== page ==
As my son took it all in, his bottom lip started to tremble. Then he jerked his head from the sight and stifled a scream against my shoulder. Suddenly I understood how strange and terrifying the pounding waves must have appeared to him. He'd never seen anything like it. What guarantee did he have that the next angry surge would stop before swallowing us whole?
His reaction made perfect sense: the ocean is overwhelming. And not just for children. Truth be told, I'm a little scared of it too. Poets wax eloquently about the ocean's beauty, its power to inspire serenity and introspection—and that's all true. But there's another side to the sea, a scary side, the side of powerful tempests and deadly creatures and dark depths. There's a reason swimming instructors tell you to respect the ocean. If you don't, it can kill you.
When I was about twelve years old, I remember looking out over the ocean at night and trying to imagine what it would be like to swim out into those black waters. It was about the scariest thought I'd ever entertained.
Vast, beautiful, powerful, dangerous—that's the ocean. It makes me think of God, which is probably appropriate. Both are immense, mysterious. Both can make us feel frighteningly small. The appropriate response to such greatness is respect and awe, even resignation. Yet often we tend to do something else, something very strange. We devise ways to make them more manageable. We scale them down to our size. We domesticate them. Or at least we try.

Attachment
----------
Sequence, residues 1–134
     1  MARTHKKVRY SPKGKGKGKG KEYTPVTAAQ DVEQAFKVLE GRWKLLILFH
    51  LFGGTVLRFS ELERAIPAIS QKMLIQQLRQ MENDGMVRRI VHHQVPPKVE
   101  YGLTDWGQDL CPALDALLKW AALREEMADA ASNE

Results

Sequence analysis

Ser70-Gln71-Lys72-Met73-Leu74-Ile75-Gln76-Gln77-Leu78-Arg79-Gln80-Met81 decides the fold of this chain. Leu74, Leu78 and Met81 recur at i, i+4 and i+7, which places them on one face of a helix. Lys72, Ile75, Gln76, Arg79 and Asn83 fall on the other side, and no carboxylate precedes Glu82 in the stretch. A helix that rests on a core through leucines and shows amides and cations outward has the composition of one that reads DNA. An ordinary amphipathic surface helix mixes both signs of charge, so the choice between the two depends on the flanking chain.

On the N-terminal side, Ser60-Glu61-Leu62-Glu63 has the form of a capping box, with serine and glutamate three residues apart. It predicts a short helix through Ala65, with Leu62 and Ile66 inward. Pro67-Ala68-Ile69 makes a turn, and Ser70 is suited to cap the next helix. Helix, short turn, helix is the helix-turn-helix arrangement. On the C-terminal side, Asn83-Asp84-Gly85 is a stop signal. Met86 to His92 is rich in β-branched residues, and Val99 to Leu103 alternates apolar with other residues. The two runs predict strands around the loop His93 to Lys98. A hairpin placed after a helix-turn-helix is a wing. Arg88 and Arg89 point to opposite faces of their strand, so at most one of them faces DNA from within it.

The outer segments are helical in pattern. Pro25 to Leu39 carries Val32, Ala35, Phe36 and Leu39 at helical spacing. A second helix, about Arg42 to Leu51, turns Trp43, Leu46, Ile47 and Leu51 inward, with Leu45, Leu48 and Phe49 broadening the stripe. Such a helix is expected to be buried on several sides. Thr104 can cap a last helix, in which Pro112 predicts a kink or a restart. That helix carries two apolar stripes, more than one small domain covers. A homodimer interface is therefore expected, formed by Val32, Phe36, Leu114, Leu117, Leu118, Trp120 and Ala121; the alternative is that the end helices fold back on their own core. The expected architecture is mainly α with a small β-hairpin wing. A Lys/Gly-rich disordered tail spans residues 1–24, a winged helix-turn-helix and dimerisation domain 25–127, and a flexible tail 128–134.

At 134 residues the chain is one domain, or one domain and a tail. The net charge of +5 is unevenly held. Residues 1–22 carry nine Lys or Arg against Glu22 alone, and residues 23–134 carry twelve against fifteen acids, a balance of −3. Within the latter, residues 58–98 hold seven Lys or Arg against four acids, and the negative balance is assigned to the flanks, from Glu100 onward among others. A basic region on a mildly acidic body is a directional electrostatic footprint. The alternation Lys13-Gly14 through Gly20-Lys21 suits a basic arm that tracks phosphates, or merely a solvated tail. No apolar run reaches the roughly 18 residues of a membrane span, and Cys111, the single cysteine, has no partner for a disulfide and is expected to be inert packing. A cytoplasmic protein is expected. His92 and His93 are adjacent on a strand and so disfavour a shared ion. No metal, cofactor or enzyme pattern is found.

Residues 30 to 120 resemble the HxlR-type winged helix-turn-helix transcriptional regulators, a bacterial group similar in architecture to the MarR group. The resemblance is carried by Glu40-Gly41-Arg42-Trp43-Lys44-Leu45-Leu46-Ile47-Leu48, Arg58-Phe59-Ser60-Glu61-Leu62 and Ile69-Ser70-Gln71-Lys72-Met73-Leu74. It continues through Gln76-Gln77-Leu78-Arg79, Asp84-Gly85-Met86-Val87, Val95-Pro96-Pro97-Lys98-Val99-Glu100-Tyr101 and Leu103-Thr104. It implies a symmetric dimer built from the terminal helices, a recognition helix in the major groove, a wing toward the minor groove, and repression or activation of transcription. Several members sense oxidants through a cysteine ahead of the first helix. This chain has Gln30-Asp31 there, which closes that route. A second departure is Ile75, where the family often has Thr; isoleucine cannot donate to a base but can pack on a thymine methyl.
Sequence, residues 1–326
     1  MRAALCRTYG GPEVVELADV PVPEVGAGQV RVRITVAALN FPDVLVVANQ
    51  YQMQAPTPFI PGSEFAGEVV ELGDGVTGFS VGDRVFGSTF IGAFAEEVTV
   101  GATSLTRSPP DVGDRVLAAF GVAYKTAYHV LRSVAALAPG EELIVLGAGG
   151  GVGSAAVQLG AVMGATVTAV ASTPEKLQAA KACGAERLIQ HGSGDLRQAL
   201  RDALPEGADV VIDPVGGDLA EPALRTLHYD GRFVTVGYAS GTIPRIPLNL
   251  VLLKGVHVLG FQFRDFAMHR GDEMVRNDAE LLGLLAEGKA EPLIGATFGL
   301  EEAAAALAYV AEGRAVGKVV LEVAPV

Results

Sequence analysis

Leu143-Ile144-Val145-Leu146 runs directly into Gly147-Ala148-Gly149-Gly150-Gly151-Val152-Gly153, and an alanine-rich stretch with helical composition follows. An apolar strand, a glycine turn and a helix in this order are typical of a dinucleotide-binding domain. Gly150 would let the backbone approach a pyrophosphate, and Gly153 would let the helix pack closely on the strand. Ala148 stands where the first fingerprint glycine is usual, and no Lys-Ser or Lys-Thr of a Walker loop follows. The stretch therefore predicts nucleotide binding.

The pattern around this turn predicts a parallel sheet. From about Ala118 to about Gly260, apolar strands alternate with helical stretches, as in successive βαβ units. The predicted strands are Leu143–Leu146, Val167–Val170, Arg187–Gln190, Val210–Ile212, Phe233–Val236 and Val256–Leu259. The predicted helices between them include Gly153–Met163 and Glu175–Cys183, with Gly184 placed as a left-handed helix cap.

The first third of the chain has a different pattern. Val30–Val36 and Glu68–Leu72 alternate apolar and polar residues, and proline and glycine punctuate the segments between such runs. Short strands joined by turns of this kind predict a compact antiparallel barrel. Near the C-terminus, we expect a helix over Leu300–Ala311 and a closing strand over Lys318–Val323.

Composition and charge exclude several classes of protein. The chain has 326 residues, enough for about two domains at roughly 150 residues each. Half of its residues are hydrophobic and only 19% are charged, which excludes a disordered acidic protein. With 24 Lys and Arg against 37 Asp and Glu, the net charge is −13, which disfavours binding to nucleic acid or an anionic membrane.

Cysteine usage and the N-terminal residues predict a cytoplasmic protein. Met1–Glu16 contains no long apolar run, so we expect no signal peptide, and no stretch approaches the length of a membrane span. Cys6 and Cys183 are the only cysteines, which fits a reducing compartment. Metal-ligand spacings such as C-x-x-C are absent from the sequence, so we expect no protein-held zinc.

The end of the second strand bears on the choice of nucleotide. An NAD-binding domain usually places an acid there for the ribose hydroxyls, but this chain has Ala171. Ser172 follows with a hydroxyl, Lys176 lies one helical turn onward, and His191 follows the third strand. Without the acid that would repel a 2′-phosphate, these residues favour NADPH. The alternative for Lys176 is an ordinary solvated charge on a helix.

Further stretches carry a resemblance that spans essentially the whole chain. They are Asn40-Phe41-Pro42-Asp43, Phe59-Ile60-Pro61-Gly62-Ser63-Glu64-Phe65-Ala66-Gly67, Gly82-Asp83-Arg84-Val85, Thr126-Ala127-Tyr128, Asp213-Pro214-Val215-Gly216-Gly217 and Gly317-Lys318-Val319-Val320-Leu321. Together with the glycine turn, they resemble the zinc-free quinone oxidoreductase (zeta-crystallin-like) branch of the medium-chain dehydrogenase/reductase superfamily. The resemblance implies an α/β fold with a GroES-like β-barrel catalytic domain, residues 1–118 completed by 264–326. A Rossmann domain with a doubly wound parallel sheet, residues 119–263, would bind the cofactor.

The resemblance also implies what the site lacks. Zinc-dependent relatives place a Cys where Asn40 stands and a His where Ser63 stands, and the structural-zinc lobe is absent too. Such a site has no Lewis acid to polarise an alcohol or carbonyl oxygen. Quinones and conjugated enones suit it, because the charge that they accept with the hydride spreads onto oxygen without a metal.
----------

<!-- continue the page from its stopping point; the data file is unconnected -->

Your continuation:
THE LURE OF LESSER GODS
This impulse is nothing new. It's been around for millennia.
Ancient Israel is Exhibit A. I'm stunned by how often the Israelites turned their backs on God to worship more manageable deities. We read about one such instance in Exodus 32. The story unfolds as Moses was on Mount Sinai receiving the Ten Commandments. Frustrated by their leader's extended absence, the Israelites approached Aaron, the second-in- command, with a request: "Come, make us gods who will go before us" (v. 1).
Aaron obliged and got to work. Gold jewelry was collected and melted down. Then Aaron formed the gold into "an idol cast in the shape of a calf" (v. 4). The next day the Israelites rose early to make sacrifices to the golden calf.
This act of idolatry seems to come out of the blue. The Lord had just dramatically rescued the Israelites from slavery and supernaturally sustained them in the wilderness. It was only "the third month," we're told, since they had been liberated from Egypt (Ex. 19:1). That means the Red Sea parting was still vivid in their minds; the taste of manna clung to their breath. They'd drunk water from a rock and been guided by a cloud and a pillar of fire. Yet after witnessing these miracles and receiving repeated assurances of God's protection and provision, they chose to worship an idol instead.
Excerpted from YAWNING AT TIGERS by DREW NATHAN DYCK. Copyright © 2014 Drew Nathan Dyck. Excerpted by permission of Thomas Nelson.
All rights reserved. No part of this excerpt may be reproduced or reprinted without permission in writing from the publisher.
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Table of Contents
The Greatest Adventure ix
Part 1 Tiger Territory
Chapter 1 Divine Invasion 3
Chapter 2 Beyond the Shallows 13
Chapter 3 The God Worth Worshipping 25
Chapter 4 A Vision of Holiness 41
Chapter 5 Dangerous Living 55
Chapter 6 God Incognito 75
Part 2 Divine Embrace
Chapter 7 Loving a Lion 93
Chapter 8 Tenacity and Tenderness 105
Chapter 9 Intimate Beginnings 121
Chapter 10 Face-to-Face 133
Chapter 11 Jesus in the Shadows 145
Chapter 12 The Fragrance of Eternity 159
Discussion Guide 173
About the Author 209